Twenty-three years in any employment is a long time, creating an inevitably broad range of highlights, experiences, contacts, achievements and potential disappointments along the journey. While he is reluctant to single out any of his many highlights as a Rockies scout – including receipt of an NLCS ring in 2007 – Phil Allen has overwhelmingly fond recollections.
“Just having the opportunity to meet, and become friends with so many great baseball people both from Australia and overseas – all driven by a shared passion for baseball - will always be an enduring memory,” Allen said.
“I can honestly say that I have had few disappointments. When a kid from Ivanhoe Baseball Club in the 1960s gets to take the journey I have been so fortunate to have taken, there can be no regrets – and few lasting disappointments. All of the players that I have scouted, reported on, dreamed the dream for on some occasions and ultimately offered contracts to has been rewarding in itself.”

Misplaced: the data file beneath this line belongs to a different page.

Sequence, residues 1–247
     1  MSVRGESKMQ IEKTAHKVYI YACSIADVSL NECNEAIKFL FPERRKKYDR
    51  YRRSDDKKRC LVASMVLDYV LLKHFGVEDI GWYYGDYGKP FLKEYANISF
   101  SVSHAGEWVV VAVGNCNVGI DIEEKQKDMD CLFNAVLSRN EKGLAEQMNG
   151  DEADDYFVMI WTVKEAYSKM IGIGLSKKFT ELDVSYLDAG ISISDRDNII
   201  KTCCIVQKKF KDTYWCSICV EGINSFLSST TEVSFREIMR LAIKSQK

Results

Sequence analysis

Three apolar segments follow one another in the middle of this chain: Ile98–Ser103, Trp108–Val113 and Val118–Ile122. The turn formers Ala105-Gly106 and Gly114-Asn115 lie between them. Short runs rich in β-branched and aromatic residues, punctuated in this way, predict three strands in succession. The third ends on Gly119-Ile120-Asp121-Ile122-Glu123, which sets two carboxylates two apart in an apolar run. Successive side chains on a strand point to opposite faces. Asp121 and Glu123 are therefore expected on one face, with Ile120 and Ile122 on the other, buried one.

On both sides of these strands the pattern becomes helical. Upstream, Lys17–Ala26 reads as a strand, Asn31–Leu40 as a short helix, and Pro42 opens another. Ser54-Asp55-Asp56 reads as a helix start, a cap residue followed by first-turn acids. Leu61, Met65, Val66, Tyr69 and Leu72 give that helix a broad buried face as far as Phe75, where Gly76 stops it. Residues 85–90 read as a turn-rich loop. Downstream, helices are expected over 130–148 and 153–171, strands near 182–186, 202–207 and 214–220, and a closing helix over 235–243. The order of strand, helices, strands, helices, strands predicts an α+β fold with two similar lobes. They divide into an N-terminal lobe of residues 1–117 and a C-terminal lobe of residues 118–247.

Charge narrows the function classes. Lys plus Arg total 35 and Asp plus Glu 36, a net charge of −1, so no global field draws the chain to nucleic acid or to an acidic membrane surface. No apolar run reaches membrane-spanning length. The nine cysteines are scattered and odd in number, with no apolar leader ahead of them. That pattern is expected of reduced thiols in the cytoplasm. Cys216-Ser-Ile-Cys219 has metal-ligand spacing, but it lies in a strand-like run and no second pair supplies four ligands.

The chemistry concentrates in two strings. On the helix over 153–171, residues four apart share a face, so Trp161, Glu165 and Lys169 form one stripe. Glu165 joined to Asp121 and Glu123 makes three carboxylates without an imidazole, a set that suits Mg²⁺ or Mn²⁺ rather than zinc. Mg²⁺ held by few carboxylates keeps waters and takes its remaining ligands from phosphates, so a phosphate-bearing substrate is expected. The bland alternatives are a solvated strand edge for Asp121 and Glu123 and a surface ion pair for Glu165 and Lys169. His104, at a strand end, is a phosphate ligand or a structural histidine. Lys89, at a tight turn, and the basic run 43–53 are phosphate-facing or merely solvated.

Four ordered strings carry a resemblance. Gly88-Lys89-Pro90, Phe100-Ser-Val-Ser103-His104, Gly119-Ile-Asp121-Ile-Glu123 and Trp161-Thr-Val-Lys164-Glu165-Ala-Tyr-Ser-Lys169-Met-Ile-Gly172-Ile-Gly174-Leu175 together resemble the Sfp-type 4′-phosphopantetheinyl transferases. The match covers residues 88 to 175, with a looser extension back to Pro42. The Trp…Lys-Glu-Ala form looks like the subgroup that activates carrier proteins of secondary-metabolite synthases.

“To see the “kids” who you scouted at 16, 17 or 18 years of age grow and develop is very satisfying,” he continued. “Not too many who go through that process – as tough as it is at times – don’t emerge as better, more rounded adults. And of course seeing other clubs offer opportunities to players - and being able to follow their progress - is in many instances just as satisfying.”